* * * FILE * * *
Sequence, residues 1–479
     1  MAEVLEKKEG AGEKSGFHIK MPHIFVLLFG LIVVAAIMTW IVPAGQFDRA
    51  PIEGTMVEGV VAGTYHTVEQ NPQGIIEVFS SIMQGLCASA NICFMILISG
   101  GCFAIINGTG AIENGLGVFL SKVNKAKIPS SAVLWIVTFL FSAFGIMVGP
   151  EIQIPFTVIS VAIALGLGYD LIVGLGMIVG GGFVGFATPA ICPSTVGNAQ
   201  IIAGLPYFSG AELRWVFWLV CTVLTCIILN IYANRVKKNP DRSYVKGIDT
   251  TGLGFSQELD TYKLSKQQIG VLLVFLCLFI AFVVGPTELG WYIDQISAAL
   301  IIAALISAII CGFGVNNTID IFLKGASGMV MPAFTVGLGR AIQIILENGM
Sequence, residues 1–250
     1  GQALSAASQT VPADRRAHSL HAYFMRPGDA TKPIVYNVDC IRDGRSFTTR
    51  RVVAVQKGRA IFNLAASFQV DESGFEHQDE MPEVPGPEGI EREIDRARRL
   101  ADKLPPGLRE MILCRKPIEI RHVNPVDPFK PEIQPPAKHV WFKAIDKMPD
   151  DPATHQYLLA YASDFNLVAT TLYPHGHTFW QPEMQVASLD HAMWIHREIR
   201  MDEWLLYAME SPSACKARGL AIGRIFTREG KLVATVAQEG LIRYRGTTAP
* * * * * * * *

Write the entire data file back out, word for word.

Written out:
Sequence, residues 1–479
     1  MAEVLEKKEG AGEKSGFHIK MPHIFVLLFG LIVVAAIMTW IVPAGQFDRA
    51  PIEGTMVEGV VAGTYHTVEQ NPQGIIEVFS SIMQGLCASA NICFMILISG
   101  GCFAIINGTG AIENGLGVFL SKVNKAKIPS SAVLWIVTFL FSAFGIMVGP
   151  EIQIPFTVIS VAIALGLGYD LIVGLGMIVG GGFVGFATPA ICPSTVGNAQ
   201  IIAGLPYFSG AELRWVFWLV CTVLTCIILN IYANRVKKNP DRSYVKGIDT
   251  TGLGFSQELD TYKLSKQQIG VLLVFLCLFI AFVVGPTELG WYIDQISAAL
   301  IIAALISAII CGFGVNNTID IFLKGASGMV MPAFTVGLGR AIQIILENGM
Sequence, residues 1–250
     1  GQALSAASQT VPADRRAHSL HAYFMRPGDA TKPIVYNVDC IRDGRSFTTR
    51  RVVAVQKGRA IFNLAASFQV DESGFEHQDE MPEVPGPEGI EREIDRARRL
   101  ADKLPPGLRE MILCRKPIEI RHVNPVDPFK PEIQPPAKHV WFKAIDKMPD
   151  DPATHQYLLA YASDFNLVAT TLYPHGHTFW QPEMQVASLD HAMWIHREIR
   201  MDEWLLYAME SPSACKARGL AIGRIFTREG KLVATVAQEG LIRYRGTTAP